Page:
B2B marketing tip #15: Budget bliss

B2B Marketing Tip of the WeekFinance is more accountable than ever for marketing expenditures. Don’t wait until you’re asked to cut costs—be proactive and get to know the staff who handle your payables, forecasting, and annual budget allocations right now. Show your willingness to be part of the process and make their work easier.

Synch up on the best way to handle day-to-day activities, such as creating purchase orders, submitting vendor invoices for payment, or preparing for incidental expenses when you’re on-site at an event. Find out your General Ledger (GL) codes and how finance categorizes marketing expenses. Help forecast upcoming marketing spending. 

 

Check out the Springboard blog every Monday for the B2B Marketing “Tip of the Week” — a short, practical recommendation to improve your marketing effectiveness. Looking for suggestions in a specific area? Tweet me your request @ThinkSpringMktg or contact me.

B2B marketing tip #10: Campaign communication

B2B Marketing Tip of the WeekThe best campaign does little good if inbound leads aren’t handled correctly, or if the business is unprepared to execute a smooth followup process.

Keep everyone in the loop. Develop a standard email or memo template to announce new marketing activities to the organization (especially sales). Share campaign objectives, timing, target audience and where to direct inquiries or questions.

Check out the Springboard blog every Monday for the B2B Marketing “Tip of the Week” — a short, practical recommendation to improve your marketing effectiveness. Looking for suggestions in a specific area? Tweet me your request @ThinkSpringMktg or contact me.

B2B marketing tip #9: Synch up with sales

B2B Marketing Tip of the WeekB2B selling means feet on the street: a field sales team, fleet of distributors or reseller network. And every sales organization utilizes a specific approach, such as Solution Selling, Action Selling or Miller Heiman.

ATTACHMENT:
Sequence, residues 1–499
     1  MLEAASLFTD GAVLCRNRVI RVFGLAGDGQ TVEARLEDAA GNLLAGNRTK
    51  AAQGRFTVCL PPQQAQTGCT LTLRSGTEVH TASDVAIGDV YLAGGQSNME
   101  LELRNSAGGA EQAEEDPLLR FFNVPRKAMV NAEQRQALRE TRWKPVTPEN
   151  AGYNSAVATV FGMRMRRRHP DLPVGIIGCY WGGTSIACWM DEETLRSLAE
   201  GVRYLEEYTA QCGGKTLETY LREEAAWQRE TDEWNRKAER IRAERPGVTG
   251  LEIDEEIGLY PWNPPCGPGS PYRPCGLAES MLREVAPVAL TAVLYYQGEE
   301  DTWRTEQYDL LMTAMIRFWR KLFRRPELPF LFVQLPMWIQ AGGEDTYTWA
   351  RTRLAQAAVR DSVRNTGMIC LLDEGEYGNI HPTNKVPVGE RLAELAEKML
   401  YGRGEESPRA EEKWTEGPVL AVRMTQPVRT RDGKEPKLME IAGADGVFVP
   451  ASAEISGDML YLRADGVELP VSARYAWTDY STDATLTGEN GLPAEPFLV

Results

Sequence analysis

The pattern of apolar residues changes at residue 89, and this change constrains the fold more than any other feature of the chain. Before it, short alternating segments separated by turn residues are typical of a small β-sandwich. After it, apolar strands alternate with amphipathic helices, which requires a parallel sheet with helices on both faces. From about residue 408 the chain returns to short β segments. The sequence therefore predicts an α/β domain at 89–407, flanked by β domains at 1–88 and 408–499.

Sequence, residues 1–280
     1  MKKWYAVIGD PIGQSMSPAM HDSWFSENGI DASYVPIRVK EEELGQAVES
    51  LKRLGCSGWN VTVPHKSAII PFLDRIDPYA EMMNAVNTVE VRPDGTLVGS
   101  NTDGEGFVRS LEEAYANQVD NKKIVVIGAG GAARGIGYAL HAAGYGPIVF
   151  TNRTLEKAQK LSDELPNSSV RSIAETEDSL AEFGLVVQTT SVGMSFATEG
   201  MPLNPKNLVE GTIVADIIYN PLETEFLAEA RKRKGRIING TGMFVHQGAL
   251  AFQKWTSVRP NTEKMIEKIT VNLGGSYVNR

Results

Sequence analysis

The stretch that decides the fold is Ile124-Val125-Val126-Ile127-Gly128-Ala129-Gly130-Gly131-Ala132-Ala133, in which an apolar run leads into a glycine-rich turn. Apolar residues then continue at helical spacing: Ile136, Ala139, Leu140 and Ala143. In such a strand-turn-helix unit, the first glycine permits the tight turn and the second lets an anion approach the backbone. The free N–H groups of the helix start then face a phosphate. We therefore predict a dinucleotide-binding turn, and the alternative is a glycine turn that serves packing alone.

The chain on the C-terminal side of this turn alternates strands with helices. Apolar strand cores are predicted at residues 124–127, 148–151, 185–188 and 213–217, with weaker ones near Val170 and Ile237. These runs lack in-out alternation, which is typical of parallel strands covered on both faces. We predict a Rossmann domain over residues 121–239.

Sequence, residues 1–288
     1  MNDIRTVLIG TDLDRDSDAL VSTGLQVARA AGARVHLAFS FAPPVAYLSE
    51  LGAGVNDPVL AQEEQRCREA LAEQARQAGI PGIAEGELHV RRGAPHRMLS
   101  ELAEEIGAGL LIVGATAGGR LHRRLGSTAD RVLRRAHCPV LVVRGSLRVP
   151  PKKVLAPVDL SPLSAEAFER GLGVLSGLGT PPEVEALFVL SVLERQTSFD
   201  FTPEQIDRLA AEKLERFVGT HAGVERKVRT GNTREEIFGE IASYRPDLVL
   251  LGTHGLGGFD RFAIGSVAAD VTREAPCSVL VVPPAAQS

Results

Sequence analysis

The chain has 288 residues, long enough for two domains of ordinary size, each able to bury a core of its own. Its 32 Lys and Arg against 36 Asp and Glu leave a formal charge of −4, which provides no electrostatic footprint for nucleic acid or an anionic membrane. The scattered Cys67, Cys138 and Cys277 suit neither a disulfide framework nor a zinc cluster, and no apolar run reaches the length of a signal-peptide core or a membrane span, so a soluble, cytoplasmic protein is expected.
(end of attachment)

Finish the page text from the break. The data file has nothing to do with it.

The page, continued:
Ask your sales leaders what methods they follow, then learn their milestones and terminology. Look for ways to align marketing communications with their process, like creating email templates for reps that match their followup steps. Work with sales to measure progress and ROI as marketing leads move through the steps of their sales funnel. 

Check out the Springboard blog every Monday for the B2B Marketing “Tip of the Week” — a short, practical recommendation to improve your marketing effectiveness. Looking for suggestions in a specific area? Tweet me your request @ThinkSpringMktg or contact me.

B2B marketing tip #6: Hit the road

B2B Marketing Tip of the WeekTired of nagging product management for ideas for the next webinar or blog post? Wasting valuable time reminding sales to review and approve campaign materials? Create a better working relationship by proactively attending your stakeholders’ weekly department meeting.